Health & cost reduction outcomes as shared by subscribing organizations throughout the U.S.
But First,
The World Health Organization (WHO) and its landmark study confirmed that My25’s approach to eating better is maximizing health for most anyone.
Since our inception, we've advocated 25 grams of fiber each day and incorporated the appropriate ingredients into our menus—even coining the phrase “fiberizing.” (All while we simultaneously factor in personalization.)
WHO now concludes that a fiber-rich diet is not only the super solution materially reducing obesity, diabetes, heart disease and cancer, but fiber also leads to longer life.
Health Outcomes
Pre My25, approximately 30% of individuals are at normal BMI.
Post 6 months, 63% of participants are at, or consistently moving toward, a normal BMI.

Of the people who were obese at program start, 14% are no longer obese and are consistently moving toward a normal BMI.
Post 18 months, 71% of participants are at, or consistently moving toward, a normal BMI.

Of the people who were obese at program start, 29% are no longer obese and are consistently moving toward a normal BMI.
Additional Outcomes
within the first 6 months, and continuing
diabetic and hypertensive conditions
blood sugar levels
medication usage/dosage & critical care visits
blood pressure readings
triglyceride levels
waist/hips measurements
AND
Physical activity markedly increases as clinical wellness gains register, as does social health (SDoH)—positively impacting job performance and friends/family/community interaction.
Cost Outcomes
Acute Care, PRN & Prescription Medication Expense Reductions
Acute care, PRN & prescription medication expense reductions are significant as underweight/overweight conditions and associated chronic diseases—such as diabetes and hypertension—take a definitive, positive turn.
Grocery Expense Reductions
Grocery expense typically reduces 10 to 20%, registering about 2 to 4 months into the program; it's true that healthier foods don’t have to cost more than less nutritious options.
Interestingly—and something that initially caught us by surprise, but has been confirmed across thousands of households—the most significant food cost reductions don’t generate from a decrease in per item food expense. Reduced grocery spend comes from well-constructed, personalized menus and associated grocery shopping lists that are adhered to.
Work-Related Expense Reductions
Individuals who are in better clinical health and who feel well, show up more often to work and are more productive. We hear all the time that absenteeism and presenteeism are positively impacted, which is of substantial top and bottom line benefit to employers.
Human Services Additional Expense Reductions
My25 Choice subscribers within the human services industry experience additional expense reductions as a result of four factors.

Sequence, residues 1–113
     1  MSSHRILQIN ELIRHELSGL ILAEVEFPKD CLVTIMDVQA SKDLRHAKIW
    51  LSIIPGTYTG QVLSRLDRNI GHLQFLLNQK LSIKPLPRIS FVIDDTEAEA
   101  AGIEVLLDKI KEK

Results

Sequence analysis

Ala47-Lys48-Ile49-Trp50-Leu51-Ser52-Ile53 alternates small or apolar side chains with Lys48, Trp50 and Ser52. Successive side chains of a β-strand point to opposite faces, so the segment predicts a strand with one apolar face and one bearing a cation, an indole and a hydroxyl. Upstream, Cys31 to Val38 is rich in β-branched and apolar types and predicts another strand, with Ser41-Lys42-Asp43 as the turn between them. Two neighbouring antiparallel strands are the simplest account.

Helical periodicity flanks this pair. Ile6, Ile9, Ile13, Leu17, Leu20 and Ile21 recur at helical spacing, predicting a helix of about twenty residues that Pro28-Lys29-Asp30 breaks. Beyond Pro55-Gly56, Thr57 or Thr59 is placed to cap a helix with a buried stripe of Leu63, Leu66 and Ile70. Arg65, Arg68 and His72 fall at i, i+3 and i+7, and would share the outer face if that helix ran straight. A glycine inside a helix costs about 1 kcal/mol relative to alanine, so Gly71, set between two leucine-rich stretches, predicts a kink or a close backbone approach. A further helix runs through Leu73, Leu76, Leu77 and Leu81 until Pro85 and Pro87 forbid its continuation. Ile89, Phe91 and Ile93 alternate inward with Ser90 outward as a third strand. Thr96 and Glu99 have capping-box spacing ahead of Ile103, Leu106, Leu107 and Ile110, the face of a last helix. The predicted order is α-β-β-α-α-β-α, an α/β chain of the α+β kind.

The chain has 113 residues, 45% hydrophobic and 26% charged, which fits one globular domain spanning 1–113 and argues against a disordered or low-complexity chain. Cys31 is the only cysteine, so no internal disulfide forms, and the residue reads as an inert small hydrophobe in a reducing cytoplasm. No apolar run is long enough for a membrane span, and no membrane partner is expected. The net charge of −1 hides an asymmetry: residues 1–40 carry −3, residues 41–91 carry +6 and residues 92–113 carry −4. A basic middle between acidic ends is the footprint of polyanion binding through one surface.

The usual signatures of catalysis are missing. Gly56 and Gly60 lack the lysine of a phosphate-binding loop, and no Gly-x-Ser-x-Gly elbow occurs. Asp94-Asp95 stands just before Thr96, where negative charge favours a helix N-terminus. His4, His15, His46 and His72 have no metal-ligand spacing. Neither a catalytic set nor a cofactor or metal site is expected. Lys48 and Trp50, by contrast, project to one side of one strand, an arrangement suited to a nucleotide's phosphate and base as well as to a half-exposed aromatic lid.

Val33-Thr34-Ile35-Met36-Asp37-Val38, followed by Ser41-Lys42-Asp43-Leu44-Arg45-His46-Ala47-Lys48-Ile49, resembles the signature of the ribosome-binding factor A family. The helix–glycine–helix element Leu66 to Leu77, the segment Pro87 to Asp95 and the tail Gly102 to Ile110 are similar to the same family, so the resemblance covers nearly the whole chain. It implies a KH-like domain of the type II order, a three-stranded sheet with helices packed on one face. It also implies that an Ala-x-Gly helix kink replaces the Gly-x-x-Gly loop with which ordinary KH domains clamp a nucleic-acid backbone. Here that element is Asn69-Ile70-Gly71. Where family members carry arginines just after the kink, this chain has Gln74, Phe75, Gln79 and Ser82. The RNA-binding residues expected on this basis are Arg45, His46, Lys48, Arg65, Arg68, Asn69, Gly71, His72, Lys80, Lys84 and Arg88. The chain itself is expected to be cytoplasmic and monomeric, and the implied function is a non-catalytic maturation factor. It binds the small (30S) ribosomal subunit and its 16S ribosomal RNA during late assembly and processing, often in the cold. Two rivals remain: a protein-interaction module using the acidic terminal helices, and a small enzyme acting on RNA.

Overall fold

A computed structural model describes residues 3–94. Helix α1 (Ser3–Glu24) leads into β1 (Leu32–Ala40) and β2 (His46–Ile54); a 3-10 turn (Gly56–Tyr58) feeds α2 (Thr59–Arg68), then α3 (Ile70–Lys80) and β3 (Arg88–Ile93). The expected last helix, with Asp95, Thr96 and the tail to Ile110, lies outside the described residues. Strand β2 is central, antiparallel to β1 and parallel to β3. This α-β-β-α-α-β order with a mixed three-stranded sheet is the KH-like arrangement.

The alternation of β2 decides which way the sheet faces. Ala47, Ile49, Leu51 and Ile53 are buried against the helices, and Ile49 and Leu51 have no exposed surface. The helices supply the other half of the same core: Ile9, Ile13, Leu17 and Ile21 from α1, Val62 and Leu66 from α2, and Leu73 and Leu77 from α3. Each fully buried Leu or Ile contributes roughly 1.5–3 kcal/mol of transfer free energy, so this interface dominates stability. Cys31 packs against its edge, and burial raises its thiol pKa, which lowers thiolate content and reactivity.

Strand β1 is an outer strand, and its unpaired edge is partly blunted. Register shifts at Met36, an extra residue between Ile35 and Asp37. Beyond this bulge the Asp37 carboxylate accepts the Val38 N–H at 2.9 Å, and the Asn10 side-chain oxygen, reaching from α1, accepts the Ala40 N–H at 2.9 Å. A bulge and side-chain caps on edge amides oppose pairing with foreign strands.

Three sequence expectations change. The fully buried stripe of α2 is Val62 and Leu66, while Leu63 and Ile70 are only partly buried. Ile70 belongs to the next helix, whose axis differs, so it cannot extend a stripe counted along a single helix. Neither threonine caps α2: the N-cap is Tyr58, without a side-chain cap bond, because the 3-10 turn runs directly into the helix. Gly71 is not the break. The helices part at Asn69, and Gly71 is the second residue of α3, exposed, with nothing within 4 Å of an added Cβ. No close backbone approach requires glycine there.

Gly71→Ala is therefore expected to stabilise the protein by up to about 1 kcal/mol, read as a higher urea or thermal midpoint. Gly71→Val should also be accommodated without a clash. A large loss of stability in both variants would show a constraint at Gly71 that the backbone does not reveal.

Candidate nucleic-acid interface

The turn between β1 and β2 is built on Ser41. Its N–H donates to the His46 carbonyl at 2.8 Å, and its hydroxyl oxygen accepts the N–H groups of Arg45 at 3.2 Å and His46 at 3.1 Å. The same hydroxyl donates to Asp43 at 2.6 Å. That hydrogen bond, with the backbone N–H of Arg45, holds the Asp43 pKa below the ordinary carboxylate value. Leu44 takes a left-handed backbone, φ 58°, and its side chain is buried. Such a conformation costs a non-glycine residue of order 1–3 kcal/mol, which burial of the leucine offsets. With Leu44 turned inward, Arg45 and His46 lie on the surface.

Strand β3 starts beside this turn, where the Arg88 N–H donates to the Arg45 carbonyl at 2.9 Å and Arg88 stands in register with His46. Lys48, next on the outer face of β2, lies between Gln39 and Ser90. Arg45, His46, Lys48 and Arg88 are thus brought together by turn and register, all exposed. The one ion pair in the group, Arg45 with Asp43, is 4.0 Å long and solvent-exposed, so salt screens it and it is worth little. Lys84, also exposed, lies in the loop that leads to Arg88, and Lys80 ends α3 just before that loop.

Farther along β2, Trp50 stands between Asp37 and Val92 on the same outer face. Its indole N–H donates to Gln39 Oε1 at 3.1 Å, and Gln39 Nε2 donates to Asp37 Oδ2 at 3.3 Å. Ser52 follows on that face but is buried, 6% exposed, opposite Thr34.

1
Licensor citations and risk-related events reduce markedly as the health of people supported improves and My25’s person-centered approach and nutrition enhancement are in place.
2
Staff labor efficiencies improve as a result of My25’s streamlined mealtime system, automatic report generation for oversight purposes, and fewer acute care and stay-at-home-due-to-illness instances for people supported.
3
We further curtail food expense related to theft of groceries, commonly referred to as “backdoor shrinkage”; My25 affords, for the first time ever in many cases, easy oversight and accountability regarding grocery activities in LTSS/MLTSS settings.
4
The health of staff and associated caregivers improves as a result of their involvement with My25 on behalf of people supported.
What These Outcomes Reflect
These outcomes reflect what our My25 subscribers within the human services industry report, which is consistent with our USDA-backed, nationwide trials that were overseen by third-party health economists and research analysts.

While you’re probably a bit skeptical and want to point out that people with disabilities in community-based settings must eat what they are given each day, we respectfully steer you toward the facts. Individuals with disabilities, living in the same kinds of residences as we all do—who go off to work, school and day programs throughout the week—are very involved in choosing the foods they eat, shop for, and prepare. All in all, mealtime challenges are in sync with the mainstream and health and budget struggles are even more demanding and nuanced.
For-profit and nonprofit human services organizations—our longstanding customers, including the largest national providers in the nation—have a similar goal orientation as businesses and stakeholders within other industries regarding accessible care, health improvement, and cost reductions.